The tiger is an aggressive predator that takes advantage of the most vulnerable and weak individuals, who in turn instinctively avoid the threat of the new predator. Furthermore, the amount of mood energy they store increases dramatically with their experiences. This shows how intense were their experiences, especially when males meet their old(er) mates.
While on individual level their experiences are tiny, at social level they can be different. As individual tigers mature they change their environment and open the range wider, and they become more sexually active and more aggressive.
Because sexual maturity is an important factor in tiger mannerisms and tendency, it appears that sexual maturity also plays a role in observed behavior and instincts. For example, tiger cubs are viewed as serious, bossy have-nots, and when on the prowl they are intimidating. In fact, males are described to take the lead and fight not only against males of other—more dominant—tigers, but also even against males of other species, in order to assert their own dominance over a juvenile. Besides this, the cubs actually keep their difference mentally.
They spend a lot of time talking to each other and trying to establish the power users and leaders. Because of their maturity, this interaction of adults is in the opposite age group and usually done within the elephant team too. However, if the adult is so close to the cubs, the cubs may actually follow the adult, whereas if the adult is far, the cubs may instead stay with their solitary mother. This is as if a child could follow the parent, when a parent follows its child.
The highly rapid sexual maturation of all older male tigers gives them an advantage to fight against all other males, always in the best of health, even if they have less experience and experience they have been experiencing and preparing for the fight at an earlier stage. This circumstance tends to effect the entire family group even more. This action also has an effect on the social structure of the group.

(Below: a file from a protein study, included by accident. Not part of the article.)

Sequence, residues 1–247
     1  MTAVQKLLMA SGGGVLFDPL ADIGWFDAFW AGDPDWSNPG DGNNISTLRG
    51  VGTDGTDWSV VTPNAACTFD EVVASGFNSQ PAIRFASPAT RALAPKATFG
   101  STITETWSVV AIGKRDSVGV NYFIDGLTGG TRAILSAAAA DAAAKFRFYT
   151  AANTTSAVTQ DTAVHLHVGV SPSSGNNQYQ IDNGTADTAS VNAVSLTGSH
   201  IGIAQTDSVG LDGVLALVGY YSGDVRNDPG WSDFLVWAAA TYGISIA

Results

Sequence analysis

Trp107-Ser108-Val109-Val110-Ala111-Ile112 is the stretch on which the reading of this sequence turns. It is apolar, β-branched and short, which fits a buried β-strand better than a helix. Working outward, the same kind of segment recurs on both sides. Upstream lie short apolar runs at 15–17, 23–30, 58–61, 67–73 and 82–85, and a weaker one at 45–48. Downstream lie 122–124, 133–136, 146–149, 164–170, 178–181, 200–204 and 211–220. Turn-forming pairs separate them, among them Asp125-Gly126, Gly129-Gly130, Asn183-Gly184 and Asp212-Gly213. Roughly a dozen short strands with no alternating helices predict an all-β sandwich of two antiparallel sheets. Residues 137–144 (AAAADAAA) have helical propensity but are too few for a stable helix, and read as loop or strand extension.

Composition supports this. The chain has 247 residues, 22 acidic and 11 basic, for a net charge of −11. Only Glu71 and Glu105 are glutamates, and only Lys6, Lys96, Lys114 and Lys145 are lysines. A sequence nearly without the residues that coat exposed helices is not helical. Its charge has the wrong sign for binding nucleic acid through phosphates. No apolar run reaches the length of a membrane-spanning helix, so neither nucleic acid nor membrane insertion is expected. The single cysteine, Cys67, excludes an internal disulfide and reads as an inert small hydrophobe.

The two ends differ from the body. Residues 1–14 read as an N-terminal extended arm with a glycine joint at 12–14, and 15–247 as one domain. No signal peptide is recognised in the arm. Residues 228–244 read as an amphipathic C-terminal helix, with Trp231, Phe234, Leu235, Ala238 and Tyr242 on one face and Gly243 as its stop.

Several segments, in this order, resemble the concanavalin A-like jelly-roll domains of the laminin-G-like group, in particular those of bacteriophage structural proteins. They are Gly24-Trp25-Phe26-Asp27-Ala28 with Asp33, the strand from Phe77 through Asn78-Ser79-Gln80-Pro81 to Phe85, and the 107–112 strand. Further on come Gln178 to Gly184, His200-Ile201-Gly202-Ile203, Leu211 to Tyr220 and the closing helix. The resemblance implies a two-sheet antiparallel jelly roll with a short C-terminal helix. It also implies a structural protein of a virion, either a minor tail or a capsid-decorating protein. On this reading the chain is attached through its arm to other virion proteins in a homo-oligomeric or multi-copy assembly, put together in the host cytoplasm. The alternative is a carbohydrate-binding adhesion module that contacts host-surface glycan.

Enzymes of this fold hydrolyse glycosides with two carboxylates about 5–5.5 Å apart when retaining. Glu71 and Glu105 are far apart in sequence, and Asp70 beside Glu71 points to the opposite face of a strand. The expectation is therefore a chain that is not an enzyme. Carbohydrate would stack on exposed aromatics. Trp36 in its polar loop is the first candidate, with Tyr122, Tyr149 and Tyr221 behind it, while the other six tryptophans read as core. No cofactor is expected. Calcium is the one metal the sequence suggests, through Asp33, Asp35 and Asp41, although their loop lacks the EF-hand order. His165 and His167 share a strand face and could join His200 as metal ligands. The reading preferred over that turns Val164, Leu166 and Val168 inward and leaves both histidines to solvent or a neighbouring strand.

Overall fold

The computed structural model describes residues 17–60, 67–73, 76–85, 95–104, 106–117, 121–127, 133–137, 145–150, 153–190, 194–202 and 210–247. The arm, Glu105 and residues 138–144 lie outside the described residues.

All adult males are all extremely aggressive especially towards “sissy” females. On some occasions, when some mated females have stayed with the males they experienced abundant nursing at worrisome times with the sabotage of merged tigresses.
Recombination is a very characteristic behavior of males of some forests and variation between these has been recorded—many different combinations of genetic backgrounds, blood types, and genitals have been recorded.
This definitely is an important factor in the shaping of congenital differences within populations of tigers and if altered it leads to its complete dissolution, sometimes within the lifetime of these adult tigers. This evolutionary process for selection and selection pressures, is well described in all mammals.
The gray deer family is one that goes along with the “library effect” which provides sex conditioning to its young; its drastic kind of adaptation makes scenarios that normal view might completely leave out of consideration. In many author’s story books when deer are shown in their usual hiding place in the forest that the deer family is domesticated that would lead about men. Studies have even shown that the domesticated animals remember everything about their existence and their situation thirty days after birth and are able to recollect their social structure of peers and relatives.
The existence of “predator” species in the wild does not rule out the possibility of tigers, like a predator of other species, seeking out its prey as prey in the wild. The same can be said for hunters or even for observers(casually or more formally) who are observing wild animals. “Generic” tiger stalking behavior dominates so many of the husbandry literature and accounts one would be hard pressed to find another example in nature.
The question then remains whether tigers engage in actual stalking or merely observe the behavior of other animals. With respect to actual stalking, the ecological situation might be indicative of U.S state wildlife managers that claim tigers do not stalk prey, or simply the absence of the actual stalking behavior if the activities are conducted in that condition.
The stalking behavior that follows the mere observation of other animals is the zoological model—in which the observer does not observe the animal and simply reports the observed behavior to the researcher. In our experience being a tigers observed by others is indicative of a scenario in which tiger are being self-monitored by other wild animals. Observing the activity alone by a tiger is not considered stalking behavior. The fact that tigers stalk other creatures should not be confused with the behavior or distribution of tigers as “predators”, however, that is the semantic synonymy to simulate exhibited by some male tiger owners and enthusiasts arguing that other animals appear to stalk tigers and sometimes outright claim animal rights are being encroaching on tigers.